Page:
196

In postgresql, how do I replace all instances of a string within a database column?

Say I want to replace all instances of cat with dog, for example.

What's the best way to do this?

367

You want to use postgresql's replace function:

replace(string text, from text, to text)

for instance :

UPDATE <table> SET <field> = replace(<field>, 'cat', 'dog')

Be aware, though, that this will be a string-to-string replacement, so 'category' will become 'dogegory'. the regexp_replace function may help you define a stricter match pattern for what you want to replace.

  • 4
    Hi guys, I like your answer and explanation, it is really helpful. Could you please add an example using regexp_replace? Thanks! – Wim Feijen Oct 22 '14 at 16:09
  • 1
    for better granularity, you can use regexp_replace – drs May 26 '15 at 18:30
74

The Regular Expression Way

If you need stricter replacement matching, PostgreSQL's regexp_replace function can match using POSIX regular expression patterns. It has the syntax regexp_replace(source, pattern, replacement [, flags ]).

I will use flags i and g for case-insensitive and global matching, respectively. I will also use \m and \M to match the beginning and the end of a word, respectively.

There are usually quite a few gotchas when performing regex replacment. Let's see how easy it is to replace a cat with a dog.

SELECT regexp_replace('Cat bobcat cat cats catfish', 'cat', 'dog');
-->                    Cat bobdog cat cats catfish

SELECT regexp_replace('Cat bobcat cat cats catfish', 'cat', 'dog', 'i');
-->                    dog bobcat cat cats catfish

SELECT regexp_replace('Cat bobcat cat cats catfish', 'cat', 'dog', 'g');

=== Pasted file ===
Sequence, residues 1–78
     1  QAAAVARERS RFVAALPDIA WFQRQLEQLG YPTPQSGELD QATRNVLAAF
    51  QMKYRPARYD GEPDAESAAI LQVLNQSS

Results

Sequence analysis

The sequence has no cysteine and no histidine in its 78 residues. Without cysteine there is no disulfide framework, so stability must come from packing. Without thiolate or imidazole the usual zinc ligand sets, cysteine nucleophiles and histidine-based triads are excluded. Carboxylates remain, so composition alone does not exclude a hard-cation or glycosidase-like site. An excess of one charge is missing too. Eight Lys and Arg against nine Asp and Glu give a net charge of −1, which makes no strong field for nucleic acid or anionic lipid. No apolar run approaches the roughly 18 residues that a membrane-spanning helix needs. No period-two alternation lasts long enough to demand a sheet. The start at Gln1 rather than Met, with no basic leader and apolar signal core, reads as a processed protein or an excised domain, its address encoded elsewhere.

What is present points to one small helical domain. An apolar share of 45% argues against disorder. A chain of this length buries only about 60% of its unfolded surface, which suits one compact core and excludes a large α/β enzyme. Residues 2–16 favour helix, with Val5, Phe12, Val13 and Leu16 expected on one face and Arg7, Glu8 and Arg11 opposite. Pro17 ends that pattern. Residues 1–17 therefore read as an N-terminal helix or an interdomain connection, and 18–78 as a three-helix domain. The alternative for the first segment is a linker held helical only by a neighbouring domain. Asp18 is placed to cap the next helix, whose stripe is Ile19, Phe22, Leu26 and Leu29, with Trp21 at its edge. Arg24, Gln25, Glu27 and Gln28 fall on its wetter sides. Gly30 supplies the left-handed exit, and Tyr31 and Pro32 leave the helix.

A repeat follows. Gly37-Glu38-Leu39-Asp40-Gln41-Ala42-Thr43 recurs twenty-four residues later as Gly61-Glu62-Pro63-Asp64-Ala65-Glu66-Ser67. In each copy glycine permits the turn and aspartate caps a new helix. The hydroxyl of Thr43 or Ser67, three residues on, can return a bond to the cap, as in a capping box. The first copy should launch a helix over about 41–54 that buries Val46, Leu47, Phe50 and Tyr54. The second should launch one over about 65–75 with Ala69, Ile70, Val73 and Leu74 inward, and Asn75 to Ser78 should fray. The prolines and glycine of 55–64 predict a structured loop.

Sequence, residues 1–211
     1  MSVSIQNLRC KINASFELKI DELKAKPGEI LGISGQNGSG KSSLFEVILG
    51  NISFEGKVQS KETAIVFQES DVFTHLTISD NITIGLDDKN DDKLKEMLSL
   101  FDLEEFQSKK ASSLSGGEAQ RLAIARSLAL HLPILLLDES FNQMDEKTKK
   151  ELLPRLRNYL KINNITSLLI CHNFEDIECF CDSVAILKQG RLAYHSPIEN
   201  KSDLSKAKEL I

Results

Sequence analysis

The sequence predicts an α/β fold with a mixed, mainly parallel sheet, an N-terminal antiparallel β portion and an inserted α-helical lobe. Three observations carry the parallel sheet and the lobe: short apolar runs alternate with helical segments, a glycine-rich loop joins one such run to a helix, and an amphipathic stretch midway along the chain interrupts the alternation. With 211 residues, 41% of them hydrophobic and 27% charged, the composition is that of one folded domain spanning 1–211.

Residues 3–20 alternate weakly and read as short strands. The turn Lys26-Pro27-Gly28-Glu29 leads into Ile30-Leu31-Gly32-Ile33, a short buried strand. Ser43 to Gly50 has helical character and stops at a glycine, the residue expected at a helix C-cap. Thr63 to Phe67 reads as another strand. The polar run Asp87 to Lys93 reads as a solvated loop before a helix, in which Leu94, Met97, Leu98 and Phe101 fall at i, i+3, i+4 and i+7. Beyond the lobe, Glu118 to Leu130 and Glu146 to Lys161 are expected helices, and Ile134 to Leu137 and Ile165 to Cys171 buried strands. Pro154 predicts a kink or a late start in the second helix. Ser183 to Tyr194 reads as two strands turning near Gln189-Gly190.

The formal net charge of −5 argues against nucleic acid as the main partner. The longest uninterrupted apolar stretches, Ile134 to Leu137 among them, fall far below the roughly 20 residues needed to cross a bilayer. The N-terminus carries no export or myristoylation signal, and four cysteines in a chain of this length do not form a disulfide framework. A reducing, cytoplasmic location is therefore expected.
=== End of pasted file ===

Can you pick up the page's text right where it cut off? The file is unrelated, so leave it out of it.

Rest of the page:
-->                    Cat bobdog dog dogs dogfish

SELECT regexp_replace('Cat bobcat cat cats catfish', 'cat', 'dog', 'gi');
-->                    dog bobdog dog dogs dogfish

SELECT regexp_replace('Cat bobcat cat cats catfish', '\mcat', 'dog', 'gi');
-->                    dog bobcat dog dogs dogfish

SELECT regexp_replace('Cat bobcat cat cats catfish', 'cat\M', 'dog', 'gi');
-->                    dog bobdog dog cats catfish

SELECT regexp_replace('Cat bobcat cat cats catfish', '\mcat\M', 'dog', 'gi');
-->                    dog bobcat dog cats catfish

SELECT regexp_replace('Cat bobcat cat cats catfish', '\mcat(s?)\M', 'dog\1', 'gi');
-->                    dog bobcat dog dogs catfish

Even after all of that, there is at least one unresolved condition. For example, sentences that begin with "Cat" will be replaced with lower-case "dog" which break sentence capitalization.

Check out the current PostgreSQL pattern matching docs for all the details.

Update entire column with replacement text

Given my examples, maybe the safest option would be:

UPDATE table SET field = regexp_replace(field, '\mcat\M', 'dog', 'gi');
28

You can use the replace function

UPDATE your_table SET field = REPLACE(your_field, 'cat','dog')

The function definition is as follows (got from here):

replace(string text, from text, to text)

and returns the modified text. You can also check out this sql fiddle.

0

Here is an example that replaces all instances of 1 or more white space characters in a column with an underscore using regular expression -

select distinct on (pd)
regexp_replace(rndc.pd, '\\s+', '_','g') as pd
from rndc14_ndc_mstr rndc;

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